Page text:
The main challenge is definitely the financial aspect. The academic team has always been very positive about the project. The school has always supported us in our efforts to implement it within our relationship classes; on the other hand, budgets being limited, we didn’t have enough money and, despite a successful first year, we were not able to commit to a second year. Luckily, the grant from the Public Health Agency of Canada, obtained by Les Grands Ballets Canadiens, allows us to live the experience for a 2nd year!
With the pandemic, we had to face certain constraints, but in the end we were able to establish a routine and a stable schedule for the students. The support of Emilie and Georges also helps us make this project a success. The students respect the concept of a bubble class. They all wear the mask during the activity and hand disinfection is done before and after the activity. The teachers have also adapted to the new reality of the environment. We also have access to a large auditorium which allows us to carry out activities that require more space while respecting sanitary measures.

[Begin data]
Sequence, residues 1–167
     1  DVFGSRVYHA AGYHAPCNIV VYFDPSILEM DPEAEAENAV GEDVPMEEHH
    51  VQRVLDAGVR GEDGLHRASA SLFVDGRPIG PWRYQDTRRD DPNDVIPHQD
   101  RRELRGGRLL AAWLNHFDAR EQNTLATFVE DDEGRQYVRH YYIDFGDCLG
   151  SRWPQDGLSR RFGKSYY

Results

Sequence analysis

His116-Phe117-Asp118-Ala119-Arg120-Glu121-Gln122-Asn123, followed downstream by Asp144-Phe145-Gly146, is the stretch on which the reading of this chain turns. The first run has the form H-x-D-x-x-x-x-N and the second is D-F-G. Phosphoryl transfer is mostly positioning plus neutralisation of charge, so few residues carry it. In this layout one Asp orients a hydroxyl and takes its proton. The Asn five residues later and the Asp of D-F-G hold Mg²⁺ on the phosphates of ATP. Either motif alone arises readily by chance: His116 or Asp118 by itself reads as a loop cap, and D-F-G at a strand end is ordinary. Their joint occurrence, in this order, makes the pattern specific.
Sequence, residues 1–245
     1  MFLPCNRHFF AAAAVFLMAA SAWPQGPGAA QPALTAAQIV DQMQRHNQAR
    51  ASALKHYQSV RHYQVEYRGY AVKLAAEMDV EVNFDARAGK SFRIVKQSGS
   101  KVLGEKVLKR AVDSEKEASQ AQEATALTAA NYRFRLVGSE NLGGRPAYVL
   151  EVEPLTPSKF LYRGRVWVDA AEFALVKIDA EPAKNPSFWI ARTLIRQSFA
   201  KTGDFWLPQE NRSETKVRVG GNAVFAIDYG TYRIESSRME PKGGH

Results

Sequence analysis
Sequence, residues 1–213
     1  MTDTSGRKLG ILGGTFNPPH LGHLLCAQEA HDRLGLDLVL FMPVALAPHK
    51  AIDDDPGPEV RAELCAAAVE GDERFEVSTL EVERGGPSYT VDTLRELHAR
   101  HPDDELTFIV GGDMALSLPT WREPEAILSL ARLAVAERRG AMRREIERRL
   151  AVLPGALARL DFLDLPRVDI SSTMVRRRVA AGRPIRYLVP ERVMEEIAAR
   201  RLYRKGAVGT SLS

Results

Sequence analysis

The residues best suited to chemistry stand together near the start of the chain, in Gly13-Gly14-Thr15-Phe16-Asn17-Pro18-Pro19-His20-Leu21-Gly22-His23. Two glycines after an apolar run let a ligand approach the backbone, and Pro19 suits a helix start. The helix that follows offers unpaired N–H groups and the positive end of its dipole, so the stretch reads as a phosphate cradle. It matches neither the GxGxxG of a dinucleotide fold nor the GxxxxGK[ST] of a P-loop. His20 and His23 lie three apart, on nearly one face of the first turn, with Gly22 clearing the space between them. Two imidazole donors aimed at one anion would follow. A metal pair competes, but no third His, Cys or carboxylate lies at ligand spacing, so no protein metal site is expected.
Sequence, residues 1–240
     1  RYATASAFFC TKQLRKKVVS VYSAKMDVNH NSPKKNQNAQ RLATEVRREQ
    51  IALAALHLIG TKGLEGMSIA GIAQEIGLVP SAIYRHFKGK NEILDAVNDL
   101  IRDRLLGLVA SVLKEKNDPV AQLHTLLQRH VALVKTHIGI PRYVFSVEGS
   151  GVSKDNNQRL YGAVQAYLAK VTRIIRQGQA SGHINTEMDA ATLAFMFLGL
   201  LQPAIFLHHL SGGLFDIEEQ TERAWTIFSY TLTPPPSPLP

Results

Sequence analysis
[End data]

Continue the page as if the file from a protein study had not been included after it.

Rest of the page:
Anxiety is already present in our students’ lives, year after year. On the other hand, with the pandemic situation and the health measures imposed in schools, we observed an increase in their anxiety level.
It therefore seemed essential to us to find ways to reduce this anxiety in order to promote learning in our students. Physical activity has been proven to work for years. We strive to get students moving as much as possible every day through different projects. Adapted dance workshops supplemented these means by promoting energy expenditure and a better understanding of one's body and emotions.
There are several great stories!
For example, a student taking part in the workshops for the first time in two years!
Or a teacher who saw a student smile candidly for the first time since the start of the year. In class she is usually frowning and ’in her bubble’. During the "Bouge tes fesses" (the name of our adapted dance project) sessions, she was the one who did the various movements with the least restraint and her blissful smile said it all.
For my part, we were also able to defuse some negative situations with a student by actively participating with him in a session. We strongly believe that the student would not have been able to complete his day if he had not participated in the adapted dance class.
I am pleasantly surprised each time we end a workshop by the creativity, ease and participation of the students. They are unpredictable students and in the context of the workshops it is just magic! We grow with them every week, the workshops have a positive effect on them and on us, the workers. These are special moments that we have the chance to experience with them and the NCDT team.